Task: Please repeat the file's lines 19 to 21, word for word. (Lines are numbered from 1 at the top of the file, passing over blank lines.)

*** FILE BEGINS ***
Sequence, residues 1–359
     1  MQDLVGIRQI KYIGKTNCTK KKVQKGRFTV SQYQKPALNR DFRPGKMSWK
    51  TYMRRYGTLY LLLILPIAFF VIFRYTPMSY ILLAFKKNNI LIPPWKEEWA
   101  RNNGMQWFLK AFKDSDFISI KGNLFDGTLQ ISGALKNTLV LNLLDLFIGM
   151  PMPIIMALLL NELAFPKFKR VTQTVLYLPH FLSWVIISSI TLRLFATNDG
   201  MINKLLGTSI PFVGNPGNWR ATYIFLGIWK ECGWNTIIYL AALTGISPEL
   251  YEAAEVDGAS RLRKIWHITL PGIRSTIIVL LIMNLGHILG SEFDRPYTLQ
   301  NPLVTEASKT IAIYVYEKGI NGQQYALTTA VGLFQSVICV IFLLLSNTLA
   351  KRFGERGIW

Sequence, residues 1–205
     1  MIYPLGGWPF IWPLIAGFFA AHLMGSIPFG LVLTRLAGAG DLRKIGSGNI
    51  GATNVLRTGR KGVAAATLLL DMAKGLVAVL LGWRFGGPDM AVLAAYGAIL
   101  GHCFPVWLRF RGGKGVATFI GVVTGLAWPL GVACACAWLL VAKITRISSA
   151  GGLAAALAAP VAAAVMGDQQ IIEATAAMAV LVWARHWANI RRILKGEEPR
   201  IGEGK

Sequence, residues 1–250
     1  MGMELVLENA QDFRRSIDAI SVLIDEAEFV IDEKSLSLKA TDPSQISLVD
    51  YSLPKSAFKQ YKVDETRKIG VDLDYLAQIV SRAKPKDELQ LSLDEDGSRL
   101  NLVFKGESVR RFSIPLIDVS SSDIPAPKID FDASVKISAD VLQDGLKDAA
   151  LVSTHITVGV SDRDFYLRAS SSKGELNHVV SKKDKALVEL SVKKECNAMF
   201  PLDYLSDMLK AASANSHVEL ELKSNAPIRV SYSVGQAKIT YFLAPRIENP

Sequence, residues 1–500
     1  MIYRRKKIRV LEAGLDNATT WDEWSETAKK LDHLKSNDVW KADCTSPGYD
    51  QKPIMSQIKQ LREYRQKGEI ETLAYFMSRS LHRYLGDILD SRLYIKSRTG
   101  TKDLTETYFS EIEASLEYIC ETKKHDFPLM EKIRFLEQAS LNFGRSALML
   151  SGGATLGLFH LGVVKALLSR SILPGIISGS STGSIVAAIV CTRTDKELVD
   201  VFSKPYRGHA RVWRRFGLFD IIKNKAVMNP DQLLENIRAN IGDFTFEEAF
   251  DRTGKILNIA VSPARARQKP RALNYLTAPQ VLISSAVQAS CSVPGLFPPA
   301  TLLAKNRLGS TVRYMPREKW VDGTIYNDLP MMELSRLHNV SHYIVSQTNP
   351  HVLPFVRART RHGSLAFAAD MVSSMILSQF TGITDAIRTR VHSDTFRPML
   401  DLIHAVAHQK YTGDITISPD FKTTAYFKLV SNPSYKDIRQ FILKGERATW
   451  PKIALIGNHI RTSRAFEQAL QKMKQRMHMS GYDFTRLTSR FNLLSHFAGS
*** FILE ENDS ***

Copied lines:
   101  NLVFKGESVR RFSIPLIDVS SSDIPAPKID FDASVKISAD VLQDGLKDAA
   151  LVSTHITVGV SDRDFYLRAS SSKGELNHVV SKKDKALVEL SVKKECNAMF
   201  PLDYLSDMLK AASANSHVEL ELKSNAPIRV SYSVGQAKIT YFLAPRIENP